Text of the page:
Archaeologists Uncovered Long-Lost Homestead of King Pompey

Long-lost homestead of King Pompey unearthed by archaeologists
Long-lost homestead of King Pompey unearthed by archaeologists. Credit: Matthew Modoono / Northeastern University

Archaeologists from the University of New Hampshire (UNH) and a historian from Northeastern University have discovered what they believe to be the long-lost homestead of King Pompey.

He was an African who was once enslaved but gained his freedom. Later, he became one of the first Blacks to own property in colonial New England, according to UNH.

“We are thrilled,” said Meghan Howey, professor of anthropology and director of the University of New Hampshire’s Center for the Humanities. “I’m extremely confident this is a foundation from the 1700s and everything that points to this being the home of King Pompey is very compelling.”

“King Pompey was an esteemed leader in the Black community but his home and property have always been a mystery,” said Kabria Baumgartner, dean’s associate professor of history and Africana studies at Northeastern University.

“I spend a lot of time in archives looking at written materials, so to be on site and see this revealed has been exciting,” Kabria Baumgartner further stated.

King Pompey lived there with his wife over 260 years ago

Researchers from the University of New Hampshire and Northeastern University teamed up and pooled their resources to uncover what they think is Pompey Mansfield’s homestead. They focused their efforts on the Saugus River, where Pompey lived with his wife Phylis (also known as Phebe) more than 260 years ago.

Historical records describe him as a respected leader in the community. He purchased land, erected a stone house in Lynn, and held gatherings on “Black Election Day” for both free and enslaved Black individuals from the area.

To locate the homestead, the archaeological team, including Alyssa Moreau and historian Diane Fiske from UNH’s Great Bay Archaeological Survey, spent months examining public records, deeds, and genealogical records.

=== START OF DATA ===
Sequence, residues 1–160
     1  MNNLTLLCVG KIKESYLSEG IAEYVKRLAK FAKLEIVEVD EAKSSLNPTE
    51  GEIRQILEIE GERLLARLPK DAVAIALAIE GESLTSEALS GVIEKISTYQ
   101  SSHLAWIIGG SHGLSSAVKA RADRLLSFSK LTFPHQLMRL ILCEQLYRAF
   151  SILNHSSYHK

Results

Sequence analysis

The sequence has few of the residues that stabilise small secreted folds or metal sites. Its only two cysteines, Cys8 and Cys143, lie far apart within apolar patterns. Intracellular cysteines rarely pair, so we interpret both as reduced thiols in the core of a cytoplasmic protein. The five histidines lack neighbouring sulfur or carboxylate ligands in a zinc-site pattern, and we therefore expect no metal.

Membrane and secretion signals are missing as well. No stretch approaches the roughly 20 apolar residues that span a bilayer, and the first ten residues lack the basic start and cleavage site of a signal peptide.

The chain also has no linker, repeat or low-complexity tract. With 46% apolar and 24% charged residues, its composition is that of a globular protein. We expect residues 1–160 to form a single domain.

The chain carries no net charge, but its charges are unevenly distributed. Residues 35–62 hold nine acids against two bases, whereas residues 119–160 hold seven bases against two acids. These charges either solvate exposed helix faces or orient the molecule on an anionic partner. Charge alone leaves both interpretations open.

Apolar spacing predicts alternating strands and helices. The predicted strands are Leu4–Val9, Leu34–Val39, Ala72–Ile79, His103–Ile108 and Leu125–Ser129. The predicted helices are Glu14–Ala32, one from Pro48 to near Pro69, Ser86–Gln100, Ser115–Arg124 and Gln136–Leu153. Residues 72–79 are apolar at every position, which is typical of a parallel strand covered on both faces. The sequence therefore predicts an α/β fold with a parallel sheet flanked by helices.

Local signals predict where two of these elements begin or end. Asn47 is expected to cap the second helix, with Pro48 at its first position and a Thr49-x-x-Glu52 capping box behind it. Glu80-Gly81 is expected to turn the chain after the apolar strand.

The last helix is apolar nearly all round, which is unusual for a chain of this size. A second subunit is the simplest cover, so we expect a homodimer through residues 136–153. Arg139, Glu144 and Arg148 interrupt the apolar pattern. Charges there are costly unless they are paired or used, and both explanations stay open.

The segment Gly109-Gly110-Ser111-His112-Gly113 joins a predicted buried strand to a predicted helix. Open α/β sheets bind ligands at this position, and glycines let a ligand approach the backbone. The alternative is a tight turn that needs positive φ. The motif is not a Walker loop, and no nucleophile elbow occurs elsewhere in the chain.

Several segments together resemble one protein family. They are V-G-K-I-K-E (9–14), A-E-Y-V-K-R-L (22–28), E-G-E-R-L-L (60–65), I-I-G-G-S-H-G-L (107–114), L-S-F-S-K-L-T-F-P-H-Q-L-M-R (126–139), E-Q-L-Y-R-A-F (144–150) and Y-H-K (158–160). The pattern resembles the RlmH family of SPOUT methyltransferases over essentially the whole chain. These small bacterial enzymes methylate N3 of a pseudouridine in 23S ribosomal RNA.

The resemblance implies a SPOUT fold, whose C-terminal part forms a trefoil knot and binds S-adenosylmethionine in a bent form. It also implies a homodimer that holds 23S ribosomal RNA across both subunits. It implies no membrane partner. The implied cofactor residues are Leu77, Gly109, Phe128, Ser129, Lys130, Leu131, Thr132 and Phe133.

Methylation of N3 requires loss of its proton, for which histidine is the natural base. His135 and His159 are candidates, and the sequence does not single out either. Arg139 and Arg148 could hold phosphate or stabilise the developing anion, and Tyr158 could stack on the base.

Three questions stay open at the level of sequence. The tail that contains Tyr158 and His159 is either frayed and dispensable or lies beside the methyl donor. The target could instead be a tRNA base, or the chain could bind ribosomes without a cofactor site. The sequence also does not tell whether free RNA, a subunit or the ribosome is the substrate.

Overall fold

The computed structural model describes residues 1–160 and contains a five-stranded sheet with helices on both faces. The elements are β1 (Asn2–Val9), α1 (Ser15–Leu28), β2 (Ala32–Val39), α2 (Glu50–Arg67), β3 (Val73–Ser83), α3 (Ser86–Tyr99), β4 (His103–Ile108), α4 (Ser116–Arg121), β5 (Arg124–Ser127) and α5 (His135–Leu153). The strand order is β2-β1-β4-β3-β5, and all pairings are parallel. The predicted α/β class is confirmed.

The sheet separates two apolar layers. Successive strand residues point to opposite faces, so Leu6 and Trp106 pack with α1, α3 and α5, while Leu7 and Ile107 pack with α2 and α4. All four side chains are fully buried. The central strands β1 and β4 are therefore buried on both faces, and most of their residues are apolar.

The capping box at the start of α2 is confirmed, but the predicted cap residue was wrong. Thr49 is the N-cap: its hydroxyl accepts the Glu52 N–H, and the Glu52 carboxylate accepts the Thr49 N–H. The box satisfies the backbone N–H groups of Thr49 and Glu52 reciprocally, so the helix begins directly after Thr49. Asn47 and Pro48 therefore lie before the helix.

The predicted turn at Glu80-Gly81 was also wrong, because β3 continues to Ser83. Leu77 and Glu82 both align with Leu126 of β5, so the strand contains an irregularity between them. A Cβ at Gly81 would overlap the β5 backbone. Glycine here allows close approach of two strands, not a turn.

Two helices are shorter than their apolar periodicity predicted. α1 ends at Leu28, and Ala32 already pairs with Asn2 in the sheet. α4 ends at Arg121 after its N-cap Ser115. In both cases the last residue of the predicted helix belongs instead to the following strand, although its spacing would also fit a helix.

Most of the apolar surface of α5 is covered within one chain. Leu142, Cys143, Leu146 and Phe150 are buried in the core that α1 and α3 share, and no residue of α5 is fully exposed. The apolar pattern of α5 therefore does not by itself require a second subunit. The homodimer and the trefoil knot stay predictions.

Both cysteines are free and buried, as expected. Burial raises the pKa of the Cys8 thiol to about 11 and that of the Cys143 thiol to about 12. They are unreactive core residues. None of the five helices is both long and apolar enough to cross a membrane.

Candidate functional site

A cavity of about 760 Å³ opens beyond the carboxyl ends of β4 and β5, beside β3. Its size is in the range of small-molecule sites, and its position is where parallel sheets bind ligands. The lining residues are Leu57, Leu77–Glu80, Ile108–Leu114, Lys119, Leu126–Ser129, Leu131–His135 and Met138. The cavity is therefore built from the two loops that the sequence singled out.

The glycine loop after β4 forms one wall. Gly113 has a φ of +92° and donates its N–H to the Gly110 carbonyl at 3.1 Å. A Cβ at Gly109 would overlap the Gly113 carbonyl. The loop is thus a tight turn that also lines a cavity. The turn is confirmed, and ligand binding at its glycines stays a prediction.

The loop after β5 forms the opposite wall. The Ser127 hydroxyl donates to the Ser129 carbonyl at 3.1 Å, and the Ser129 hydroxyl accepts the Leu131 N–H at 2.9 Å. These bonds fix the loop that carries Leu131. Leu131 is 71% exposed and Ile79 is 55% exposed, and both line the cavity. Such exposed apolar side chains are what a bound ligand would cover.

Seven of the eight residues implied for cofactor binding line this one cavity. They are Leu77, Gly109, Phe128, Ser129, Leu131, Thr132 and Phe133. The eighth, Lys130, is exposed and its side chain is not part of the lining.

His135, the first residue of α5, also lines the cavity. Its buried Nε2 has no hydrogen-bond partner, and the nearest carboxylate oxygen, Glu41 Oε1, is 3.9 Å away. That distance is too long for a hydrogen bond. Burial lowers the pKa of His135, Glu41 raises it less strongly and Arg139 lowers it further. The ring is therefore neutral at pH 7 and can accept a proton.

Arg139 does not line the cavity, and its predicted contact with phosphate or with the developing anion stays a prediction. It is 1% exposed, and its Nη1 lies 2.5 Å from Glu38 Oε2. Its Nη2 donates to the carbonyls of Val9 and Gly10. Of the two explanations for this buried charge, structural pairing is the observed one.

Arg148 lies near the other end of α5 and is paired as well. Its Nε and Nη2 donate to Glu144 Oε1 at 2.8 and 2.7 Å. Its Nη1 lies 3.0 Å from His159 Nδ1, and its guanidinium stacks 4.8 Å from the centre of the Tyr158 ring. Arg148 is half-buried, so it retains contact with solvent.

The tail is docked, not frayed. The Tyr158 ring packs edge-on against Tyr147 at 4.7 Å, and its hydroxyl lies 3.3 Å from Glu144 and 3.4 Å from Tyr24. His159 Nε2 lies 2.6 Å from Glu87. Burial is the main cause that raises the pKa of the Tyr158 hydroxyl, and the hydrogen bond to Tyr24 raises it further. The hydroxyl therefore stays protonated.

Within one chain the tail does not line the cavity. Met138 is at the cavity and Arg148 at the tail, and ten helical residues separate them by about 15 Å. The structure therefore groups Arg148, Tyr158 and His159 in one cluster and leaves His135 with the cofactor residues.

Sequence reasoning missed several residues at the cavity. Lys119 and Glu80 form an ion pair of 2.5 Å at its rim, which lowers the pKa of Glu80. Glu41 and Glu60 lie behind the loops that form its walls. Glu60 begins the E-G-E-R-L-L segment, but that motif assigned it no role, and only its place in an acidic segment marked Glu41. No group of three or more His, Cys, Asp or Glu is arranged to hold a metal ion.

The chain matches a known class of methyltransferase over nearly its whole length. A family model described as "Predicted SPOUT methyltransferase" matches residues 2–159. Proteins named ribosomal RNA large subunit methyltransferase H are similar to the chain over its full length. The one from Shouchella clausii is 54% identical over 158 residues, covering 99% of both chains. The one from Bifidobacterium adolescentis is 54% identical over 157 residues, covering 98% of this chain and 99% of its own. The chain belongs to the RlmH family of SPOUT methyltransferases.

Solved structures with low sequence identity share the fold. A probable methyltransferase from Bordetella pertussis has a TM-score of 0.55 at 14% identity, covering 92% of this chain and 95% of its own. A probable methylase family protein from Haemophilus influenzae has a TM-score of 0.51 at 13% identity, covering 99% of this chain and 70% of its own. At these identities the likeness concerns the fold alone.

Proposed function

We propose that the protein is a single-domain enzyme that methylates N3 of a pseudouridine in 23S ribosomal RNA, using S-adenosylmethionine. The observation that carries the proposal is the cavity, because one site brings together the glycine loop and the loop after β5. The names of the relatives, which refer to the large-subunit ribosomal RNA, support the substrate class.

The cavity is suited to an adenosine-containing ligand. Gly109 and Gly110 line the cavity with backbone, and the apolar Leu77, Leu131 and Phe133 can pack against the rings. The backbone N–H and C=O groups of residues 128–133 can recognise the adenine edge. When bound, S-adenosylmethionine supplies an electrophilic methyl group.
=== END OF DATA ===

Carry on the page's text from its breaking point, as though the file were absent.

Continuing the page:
They compared old maps with modern LIDAR maps and cross-checked them with probate records and historical newspapers. This thorough research helped them identify key landmarks and narrow down the exact area, according to UNH.

Foundation made of river rocks found

In a trench dug four feet deep, the team found a foundation made of river rocks just as it was described in historical records. They dug through newer layers of foundations built in later times to reach the ones from the 1700s.

Underneath layers of trash, concrete, and mortar, they discovered a layer of small, smooth stones taken from the nearby river. These stones were carefully shaped and stacked together. This was a common way for people with few resources to build homes back then.

“The big find was the handmade pebble foundation without quarry rock,” said Howey “That showed determination and ingenuity. And then the compelling match of the historical descriptions, the bend in the river, marshy meadow, oak trees. While not everything in history is written down, or even written down correctly, when it comes to what people leave behind, they don’t edit their trash.”

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